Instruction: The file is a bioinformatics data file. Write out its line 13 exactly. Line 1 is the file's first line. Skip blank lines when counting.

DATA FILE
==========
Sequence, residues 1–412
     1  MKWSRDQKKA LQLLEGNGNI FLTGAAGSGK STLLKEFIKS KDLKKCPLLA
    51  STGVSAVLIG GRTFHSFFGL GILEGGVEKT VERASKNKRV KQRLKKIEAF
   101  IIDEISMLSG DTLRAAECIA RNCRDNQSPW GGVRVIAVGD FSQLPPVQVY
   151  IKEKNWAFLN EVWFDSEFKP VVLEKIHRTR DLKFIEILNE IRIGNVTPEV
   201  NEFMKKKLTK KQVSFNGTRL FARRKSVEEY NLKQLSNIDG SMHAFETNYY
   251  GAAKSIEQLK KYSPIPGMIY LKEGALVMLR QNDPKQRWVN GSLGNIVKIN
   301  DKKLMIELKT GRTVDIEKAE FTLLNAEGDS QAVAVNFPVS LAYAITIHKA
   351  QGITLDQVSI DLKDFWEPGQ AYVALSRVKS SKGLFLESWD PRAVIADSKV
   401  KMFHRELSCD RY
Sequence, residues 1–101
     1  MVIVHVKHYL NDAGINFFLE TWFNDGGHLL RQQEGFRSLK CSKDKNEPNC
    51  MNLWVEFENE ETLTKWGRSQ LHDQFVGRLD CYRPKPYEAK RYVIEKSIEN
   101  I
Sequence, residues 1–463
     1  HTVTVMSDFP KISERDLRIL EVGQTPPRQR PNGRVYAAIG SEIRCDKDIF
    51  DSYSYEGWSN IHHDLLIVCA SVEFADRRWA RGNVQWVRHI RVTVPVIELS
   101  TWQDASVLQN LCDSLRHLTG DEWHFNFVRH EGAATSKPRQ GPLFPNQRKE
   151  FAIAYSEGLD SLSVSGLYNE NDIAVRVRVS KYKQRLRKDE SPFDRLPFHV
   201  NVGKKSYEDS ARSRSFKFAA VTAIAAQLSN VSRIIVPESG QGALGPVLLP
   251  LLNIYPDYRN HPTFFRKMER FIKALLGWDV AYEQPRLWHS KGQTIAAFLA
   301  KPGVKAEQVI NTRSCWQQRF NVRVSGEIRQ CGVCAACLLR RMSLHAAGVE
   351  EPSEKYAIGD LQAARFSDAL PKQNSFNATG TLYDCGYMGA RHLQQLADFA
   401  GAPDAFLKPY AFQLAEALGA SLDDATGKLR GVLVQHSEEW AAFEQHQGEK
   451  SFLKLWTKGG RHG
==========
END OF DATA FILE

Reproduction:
    51  MNLWVEFENE ETLTKWGRSQ LHDQFVGRLD CYRPKPYEAK RYVIEKSIEN